The new-issue CMBS market closed out the first quarter with three conduit deals that offered over $3 billion in rated securities, bringing total issuance to around $19 billion.
On Wednesday of last week the $1.08 billion MSBAM 2014-C15 priced its super senior, 10-year notes at swaps plus 90 basis points and the 10-year, triple-B minus tranche at swaps plus 370 basis points.
Two more deals priced on Thursday: the super senior, 10-year notes and the triple-B notes from GSMS 2014-GC20, a $1.2 billion deal, priced at 88 basis points and 355 basis points over swaps, respectively. The $1.06 billion COMM 2014-CCRE16 has super senior, 10-year notes and triple-B rated notes that priced at swaps plus 88 basis points and swaps plus 365 basis points, respectively.
Total first-quarter issuance represents a decline of 13% over the year-earlier period, when about $21.6 billion was issued, according to a report published this week by Deutsche Bank. However the supply of conduit deals is up 25% on the year; the overall decline is the result of a 50% decrease in issuance of single-borrower deals.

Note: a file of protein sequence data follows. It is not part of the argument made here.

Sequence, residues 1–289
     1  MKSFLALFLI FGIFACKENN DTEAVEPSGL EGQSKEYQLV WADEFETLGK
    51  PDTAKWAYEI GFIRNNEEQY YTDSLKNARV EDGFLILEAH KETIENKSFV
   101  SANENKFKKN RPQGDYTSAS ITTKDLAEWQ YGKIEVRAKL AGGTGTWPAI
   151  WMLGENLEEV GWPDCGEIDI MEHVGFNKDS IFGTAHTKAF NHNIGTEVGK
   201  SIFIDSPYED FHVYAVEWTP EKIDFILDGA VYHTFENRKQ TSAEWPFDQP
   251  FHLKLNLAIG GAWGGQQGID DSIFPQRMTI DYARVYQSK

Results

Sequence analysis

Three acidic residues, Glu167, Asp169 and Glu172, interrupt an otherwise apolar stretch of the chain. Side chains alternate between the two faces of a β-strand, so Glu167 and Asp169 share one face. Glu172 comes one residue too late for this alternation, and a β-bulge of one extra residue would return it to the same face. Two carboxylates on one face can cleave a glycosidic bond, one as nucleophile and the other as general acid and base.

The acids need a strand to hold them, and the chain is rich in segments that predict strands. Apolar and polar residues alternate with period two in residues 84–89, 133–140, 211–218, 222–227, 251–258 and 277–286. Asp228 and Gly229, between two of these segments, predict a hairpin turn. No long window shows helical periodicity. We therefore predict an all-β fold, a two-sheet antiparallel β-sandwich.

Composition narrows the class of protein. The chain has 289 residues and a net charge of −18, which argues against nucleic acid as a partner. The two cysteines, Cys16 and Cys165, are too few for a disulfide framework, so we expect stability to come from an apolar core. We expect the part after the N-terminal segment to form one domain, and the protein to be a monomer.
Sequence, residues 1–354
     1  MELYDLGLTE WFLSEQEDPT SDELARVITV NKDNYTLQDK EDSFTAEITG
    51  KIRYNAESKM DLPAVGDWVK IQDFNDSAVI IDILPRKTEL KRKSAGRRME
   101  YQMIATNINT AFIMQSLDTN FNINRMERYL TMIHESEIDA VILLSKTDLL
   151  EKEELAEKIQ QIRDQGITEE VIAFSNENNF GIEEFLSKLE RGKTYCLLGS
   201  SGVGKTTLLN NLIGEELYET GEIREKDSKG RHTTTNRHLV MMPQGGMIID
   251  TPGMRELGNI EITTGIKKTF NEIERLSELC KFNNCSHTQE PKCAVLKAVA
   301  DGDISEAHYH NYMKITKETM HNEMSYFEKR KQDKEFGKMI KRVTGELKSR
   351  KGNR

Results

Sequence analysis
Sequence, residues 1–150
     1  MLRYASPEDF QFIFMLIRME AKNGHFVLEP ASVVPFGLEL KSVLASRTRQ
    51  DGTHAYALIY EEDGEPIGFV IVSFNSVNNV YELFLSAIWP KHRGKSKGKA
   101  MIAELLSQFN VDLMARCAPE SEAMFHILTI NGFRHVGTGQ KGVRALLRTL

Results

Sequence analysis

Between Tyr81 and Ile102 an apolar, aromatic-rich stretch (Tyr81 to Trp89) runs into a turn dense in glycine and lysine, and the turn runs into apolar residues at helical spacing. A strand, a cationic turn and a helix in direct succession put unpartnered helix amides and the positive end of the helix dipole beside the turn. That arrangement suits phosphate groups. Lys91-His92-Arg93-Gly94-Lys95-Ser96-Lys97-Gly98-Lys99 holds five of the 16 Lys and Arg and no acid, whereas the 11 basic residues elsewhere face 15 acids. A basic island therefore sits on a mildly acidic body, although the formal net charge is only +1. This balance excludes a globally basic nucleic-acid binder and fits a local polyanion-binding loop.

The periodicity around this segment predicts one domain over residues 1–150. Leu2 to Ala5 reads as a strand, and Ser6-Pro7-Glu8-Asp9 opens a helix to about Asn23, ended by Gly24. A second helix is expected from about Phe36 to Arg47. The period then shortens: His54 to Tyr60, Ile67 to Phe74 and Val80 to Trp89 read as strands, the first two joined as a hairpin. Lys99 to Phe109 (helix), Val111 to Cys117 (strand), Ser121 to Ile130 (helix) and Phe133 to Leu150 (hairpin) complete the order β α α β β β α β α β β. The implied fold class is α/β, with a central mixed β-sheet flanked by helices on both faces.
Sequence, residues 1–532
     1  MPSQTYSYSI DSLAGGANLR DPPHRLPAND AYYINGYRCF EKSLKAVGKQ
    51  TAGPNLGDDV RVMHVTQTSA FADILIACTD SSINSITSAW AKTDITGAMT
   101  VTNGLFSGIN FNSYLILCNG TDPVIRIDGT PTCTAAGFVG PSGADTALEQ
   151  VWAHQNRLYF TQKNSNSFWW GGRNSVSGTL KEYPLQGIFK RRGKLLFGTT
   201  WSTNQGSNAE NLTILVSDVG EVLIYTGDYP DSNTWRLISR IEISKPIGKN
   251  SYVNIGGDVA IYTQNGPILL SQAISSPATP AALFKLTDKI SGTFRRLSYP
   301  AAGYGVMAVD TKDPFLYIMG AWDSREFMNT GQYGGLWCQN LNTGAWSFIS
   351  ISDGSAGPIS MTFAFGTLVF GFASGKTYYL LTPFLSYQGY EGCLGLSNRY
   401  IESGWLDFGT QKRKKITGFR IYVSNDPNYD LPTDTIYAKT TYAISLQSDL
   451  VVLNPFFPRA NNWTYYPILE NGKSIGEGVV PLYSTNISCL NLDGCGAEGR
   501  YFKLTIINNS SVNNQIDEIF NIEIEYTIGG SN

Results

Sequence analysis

Despite the significant drop in single-borrower deals, analyst at Deutsche bank still expect 2014 gross issuance will total $100 billion, comprised of $80 billion of conduits and $20 billion single-asset r single-borrower transactions.
One reason for the slower pace of issuance this year, according to a recent report by JP Morgan, is the higher volume of loans in deals that are being defeased. Defeasance is the substitution of collateral for a loan that has been securitized. This is usually done to facilitate a sale or refinance of the mortgaged property. “Some borrowers refinanced early to offset risks of higher rates particularly following the “taper tantrum” rate sell-off in mid-2013," the report stated.
Other factors at play include the light conduit maturity schedule for 2014 ($45 billion), limited “jumbo” single asset deals to date, and increased competition from alternative lenders.